When it comes to buying a new or replacing an old exhaust fan there are many different brands and styles to choose from. Today we are going to explain the benefits of exhaust fans, how electricians decide which exhaust fan is best for your needs, and the specifications they use that you can keep in mind when buying an exhaust fan.
Bathrooms and laundries are highly prone to moisture build-up due to high humidity from steam and heat. When you have a hot shower you create steam which fills the room. This steam then cools and becomes water resulting in condensation. Condensation build-up over time can create and feed mould and in extreme cases can cause structural rotting. This can be avoided by installing a good exhaust fan in your bathroom or laundry.
An exhaust fan will expel the humid air and steam from the room before it has a chance to cool down and become water. Typically the air will be ducted outside of the house via a ventilation pipe on the back of the exhaust fan.
Exhaust fans are rated by air movement which is measured by metres cubed per hour. Depending on the size of the room you will be installing the exhaust fan into will determine what rating you will need.
The rate of airflow is determined by the number of complete changes of air within the room per hour.
Rooms without a shower ie. Toilet, Laundry (No Dryer), Office. Require approximately between 6 and 10 Air Changes per Hour.
Rooms with a shower ie. Bathroom, Ensuite, Laundry (With Dryer). Require approximately between 15 to 20 Air Changes per Hour.
To determine the minimum fan capacity you will need you must first calculate the volume of the room. This is done by measuring the length times the width times the height (L x W x H = Volume). Then you times the volume by the number of air changes required per hour depending on the room type. This will then give you the minimum capacity you require for the room.
Sound confusing? here is an example:
Lets say our bathroom is 4 metres in length 3 metres in width and 2.5 metres in height. Our minimum requirement for a bathroom is approximately 15 air changes per hour and we know that it is measured by metres cubed. So our equation will look like this:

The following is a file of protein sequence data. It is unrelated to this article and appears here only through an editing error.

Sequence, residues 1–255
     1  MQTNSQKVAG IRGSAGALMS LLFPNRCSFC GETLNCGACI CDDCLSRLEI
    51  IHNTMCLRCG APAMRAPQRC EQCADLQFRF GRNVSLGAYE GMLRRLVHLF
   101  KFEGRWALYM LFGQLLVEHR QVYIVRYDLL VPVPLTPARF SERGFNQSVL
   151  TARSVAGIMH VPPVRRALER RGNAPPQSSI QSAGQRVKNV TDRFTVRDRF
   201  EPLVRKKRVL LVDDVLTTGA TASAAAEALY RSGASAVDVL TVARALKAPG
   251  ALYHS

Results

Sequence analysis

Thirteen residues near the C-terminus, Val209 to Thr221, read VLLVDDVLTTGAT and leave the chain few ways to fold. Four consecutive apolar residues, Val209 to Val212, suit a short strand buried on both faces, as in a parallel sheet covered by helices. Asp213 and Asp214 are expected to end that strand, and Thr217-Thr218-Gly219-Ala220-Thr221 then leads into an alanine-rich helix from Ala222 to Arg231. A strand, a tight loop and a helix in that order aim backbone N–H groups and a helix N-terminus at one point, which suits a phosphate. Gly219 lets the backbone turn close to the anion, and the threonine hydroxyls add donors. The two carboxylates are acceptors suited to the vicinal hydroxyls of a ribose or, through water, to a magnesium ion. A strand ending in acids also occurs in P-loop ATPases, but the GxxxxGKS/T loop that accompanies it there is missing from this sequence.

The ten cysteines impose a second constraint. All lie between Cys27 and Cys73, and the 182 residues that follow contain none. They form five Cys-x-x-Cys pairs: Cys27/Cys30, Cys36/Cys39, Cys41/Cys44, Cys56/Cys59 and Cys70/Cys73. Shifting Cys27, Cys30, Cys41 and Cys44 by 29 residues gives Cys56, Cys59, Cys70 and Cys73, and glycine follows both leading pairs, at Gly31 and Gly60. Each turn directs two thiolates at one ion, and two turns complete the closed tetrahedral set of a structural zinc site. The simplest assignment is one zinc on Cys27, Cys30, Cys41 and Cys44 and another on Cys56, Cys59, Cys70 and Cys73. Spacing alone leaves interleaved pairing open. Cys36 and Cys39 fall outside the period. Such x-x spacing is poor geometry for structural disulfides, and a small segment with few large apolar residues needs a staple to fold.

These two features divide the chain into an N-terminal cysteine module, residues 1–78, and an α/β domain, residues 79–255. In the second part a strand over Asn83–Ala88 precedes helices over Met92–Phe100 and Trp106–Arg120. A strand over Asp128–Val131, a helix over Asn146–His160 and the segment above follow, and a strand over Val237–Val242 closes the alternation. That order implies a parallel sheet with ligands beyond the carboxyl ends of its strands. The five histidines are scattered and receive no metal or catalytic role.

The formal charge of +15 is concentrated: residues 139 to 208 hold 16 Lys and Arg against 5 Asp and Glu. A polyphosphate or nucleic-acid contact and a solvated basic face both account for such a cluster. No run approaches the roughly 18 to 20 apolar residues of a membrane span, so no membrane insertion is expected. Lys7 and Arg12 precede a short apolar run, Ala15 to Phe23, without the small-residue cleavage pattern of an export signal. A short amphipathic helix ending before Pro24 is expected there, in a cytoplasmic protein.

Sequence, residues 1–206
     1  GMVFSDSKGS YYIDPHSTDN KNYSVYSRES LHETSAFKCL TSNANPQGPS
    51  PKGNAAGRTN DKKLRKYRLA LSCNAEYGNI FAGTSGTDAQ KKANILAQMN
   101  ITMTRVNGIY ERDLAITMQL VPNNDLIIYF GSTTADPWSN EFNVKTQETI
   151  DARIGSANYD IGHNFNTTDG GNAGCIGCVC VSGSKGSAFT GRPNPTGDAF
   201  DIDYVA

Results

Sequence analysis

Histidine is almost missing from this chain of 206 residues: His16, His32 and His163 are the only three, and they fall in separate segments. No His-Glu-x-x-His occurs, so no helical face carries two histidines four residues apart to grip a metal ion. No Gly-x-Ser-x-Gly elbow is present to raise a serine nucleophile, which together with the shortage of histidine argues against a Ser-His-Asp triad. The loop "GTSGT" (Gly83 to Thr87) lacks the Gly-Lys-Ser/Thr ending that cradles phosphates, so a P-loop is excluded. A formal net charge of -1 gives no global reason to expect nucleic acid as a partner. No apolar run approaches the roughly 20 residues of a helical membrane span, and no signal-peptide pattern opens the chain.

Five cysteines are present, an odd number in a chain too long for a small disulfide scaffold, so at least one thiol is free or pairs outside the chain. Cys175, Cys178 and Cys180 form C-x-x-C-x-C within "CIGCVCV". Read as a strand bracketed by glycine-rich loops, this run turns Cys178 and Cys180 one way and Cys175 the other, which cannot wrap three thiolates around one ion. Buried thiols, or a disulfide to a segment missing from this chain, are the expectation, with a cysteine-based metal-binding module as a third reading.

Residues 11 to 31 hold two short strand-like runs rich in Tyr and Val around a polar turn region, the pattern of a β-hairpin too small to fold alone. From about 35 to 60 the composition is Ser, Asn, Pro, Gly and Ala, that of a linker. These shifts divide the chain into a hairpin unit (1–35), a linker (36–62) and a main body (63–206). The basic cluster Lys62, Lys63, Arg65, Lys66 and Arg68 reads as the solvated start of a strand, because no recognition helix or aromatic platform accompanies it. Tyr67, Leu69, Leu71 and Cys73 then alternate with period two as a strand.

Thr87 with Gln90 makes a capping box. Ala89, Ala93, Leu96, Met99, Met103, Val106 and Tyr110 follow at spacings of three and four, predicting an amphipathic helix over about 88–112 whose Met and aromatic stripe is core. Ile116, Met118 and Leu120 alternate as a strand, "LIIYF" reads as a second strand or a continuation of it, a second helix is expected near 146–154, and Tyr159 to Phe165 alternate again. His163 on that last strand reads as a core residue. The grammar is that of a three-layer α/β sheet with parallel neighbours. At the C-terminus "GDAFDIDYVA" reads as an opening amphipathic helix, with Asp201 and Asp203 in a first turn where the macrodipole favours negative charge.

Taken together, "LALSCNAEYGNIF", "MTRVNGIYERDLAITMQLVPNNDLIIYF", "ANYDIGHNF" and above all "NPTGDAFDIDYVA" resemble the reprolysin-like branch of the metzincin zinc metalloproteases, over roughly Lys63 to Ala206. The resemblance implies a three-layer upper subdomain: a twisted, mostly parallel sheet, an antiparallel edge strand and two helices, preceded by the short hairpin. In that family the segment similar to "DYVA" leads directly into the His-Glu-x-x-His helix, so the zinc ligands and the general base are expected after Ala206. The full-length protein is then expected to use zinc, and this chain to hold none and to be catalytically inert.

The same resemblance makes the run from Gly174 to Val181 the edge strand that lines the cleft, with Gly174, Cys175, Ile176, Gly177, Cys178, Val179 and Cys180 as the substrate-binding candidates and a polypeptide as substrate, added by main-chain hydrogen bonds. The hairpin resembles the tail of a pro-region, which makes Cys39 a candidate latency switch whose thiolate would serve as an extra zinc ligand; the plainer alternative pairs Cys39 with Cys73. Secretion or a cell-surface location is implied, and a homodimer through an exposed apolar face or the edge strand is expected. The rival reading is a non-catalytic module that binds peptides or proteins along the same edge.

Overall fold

4(Length) x 3(Width) x 2.5(Height) = 30(Volume)
30(Volume) x 15(Air Changes Per Hour) = 450m³/h
When it comes to the positioning of your new exhaust fan will depend on a few factors.
One of the main things to consider when looking into the placement of an exhaust fan is the airflow within the room. Does the room have windows and doors etc? Exhaust fans will remove steam out of a room so long as there is new airflow that can come in to take its place. Without proper ventilation, your new exhaust fan is useless from the get-go.
Times like these are when it is time to call your local electrician to help you find the optimum position for your new fan and professional advice on how to maintain it as well as be able to install it for you.
This comes down to personal preference and practicality. As a good example some exhaust fans come with built-in heat lamps, these are great for the winter months to help you dry off faster but they will cost more on your electricity bill as well as the expense of replacement bulbs. You will also need to factor in where it will be placed in your room, there would be no point in having heat lamps if it is near the back of the room or even over the shower itself.
So now you have the same knowledge as an electrician when it comes to buying and placing new exhaust fans in your home. If you are ever in doubt it never hurts to call or consult your local electrician.